- 2007 – The housing bubble pops resulting in the Subprime Mortgage and banking crises of 2008. The government then implicitly takes on responsibility for Fannie Mae’s debt with a potential obligation of $5 trillion
- 2008 to 2009 – Government bailout of AIG cost taxpayers about $150 billion.
- 2008 – Government bails out banks through TARP to the tune of about $700 billion.
- 2009 – Government bails out of GM and Chrysler in excess of $50 billion.
- 2010 – Most recently, sovereign debt is becoming problematic. Greece will require a bailout from the European Union as it debt is in excess of $400 billion. Spain, Portugal, Ireland and Italy are also on shaky ground.
It is not by coincidence that each of crises listed dwarfs the cost of the original Chrysler bailout of 1979. Government intervention merely plugs the dyke. Economic problems are not resolved, but instead the pressure builds for even larger.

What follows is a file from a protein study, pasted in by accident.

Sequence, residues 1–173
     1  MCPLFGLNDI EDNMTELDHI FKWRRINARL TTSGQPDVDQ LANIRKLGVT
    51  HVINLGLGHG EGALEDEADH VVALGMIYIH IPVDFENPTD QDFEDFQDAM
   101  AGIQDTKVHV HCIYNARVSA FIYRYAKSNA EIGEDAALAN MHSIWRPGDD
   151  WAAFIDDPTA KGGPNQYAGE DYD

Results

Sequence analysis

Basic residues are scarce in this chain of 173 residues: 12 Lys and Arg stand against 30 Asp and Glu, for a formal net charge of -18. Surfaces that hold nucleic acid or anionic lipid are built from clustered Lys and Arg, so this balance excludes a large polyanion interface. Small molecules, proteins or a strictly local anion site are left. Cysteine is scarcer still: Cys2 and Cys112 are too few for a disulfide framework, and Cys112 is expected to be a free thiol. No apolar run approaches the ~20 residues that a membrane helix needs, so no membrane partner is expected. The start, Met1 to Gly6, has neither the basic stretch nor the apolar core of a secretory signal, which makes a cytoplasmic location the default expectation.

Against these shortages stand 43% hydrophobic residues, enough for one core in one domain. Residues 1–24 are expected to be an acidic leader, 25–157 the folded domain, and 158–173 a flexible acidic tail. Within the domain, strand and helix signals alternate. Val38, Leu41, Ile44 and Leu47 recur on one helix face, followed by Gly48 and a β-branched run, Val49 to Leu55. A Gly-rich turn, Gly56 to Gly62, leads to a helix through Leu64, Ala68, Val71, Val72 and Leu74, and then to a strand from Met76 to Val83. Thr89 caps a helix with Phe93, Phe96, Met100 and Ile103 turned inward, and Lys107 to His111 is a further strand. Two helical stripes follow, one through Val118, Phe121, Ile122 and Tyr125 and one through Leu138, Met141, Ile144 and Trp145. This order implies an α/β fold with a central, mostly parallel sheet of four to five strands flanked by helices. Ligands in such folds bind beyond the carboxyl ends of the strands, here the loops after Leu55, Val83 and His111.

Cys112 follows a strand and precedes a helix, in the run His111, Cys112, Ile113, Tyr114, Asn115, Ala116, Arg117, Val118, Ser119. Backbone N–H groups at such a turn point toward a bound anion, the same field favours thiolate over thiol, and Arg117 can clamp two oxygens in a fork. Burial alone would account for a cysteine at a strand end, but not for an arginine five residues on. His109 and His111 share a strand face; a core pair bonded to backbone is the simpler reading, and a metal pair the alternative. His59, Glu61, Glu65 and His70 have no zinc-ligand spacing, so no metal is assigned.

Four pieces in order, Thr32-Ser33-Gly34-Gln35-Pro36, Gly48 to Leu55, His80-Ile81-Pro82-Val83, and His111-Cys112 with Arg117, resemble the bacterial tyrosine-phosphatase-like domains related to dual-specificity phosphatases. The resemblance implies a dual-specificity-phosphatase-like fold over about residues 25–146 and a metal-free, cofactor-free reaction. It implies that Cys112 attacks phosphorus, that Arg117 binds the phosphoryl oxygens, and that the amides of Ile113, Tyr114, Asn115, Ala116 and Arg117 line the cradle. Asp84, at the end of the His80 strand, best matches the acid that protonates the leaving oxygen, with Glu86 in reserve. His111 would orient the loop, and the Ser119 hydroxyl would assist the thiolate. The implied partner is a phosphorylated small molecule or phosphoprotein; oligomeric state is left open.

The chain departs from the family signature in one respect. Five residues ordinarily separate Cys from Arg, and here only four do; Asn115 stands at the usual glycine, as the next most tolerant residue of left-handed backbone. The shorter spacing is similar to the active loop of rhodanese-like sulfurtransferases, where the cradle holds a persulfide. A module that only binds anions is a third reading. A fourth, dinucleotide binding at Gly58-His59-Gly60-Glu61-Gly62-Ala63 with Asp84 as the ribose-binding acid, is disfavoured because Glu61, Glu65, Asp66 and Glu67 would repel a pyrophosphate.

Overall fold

What is next for the economy? Economists use empirical evaluations to determine likely scenarios. Given that their track record has not been stellar, and that the numbers used are often wrong, I believe that a simpler approach based on understanding how we got here, trends and human nature, to be a more valid method of forecasting.
Human Nature: Greed
Adam Smith’s, The Wealth of Nations, offers insight into human nature and the way we respond to needs and emotions. His basic thesis is that in the long term, the balance of varying human behaviors is the best and most efficient way to manage a complex macro economy and will lead to the greatest wealth for all.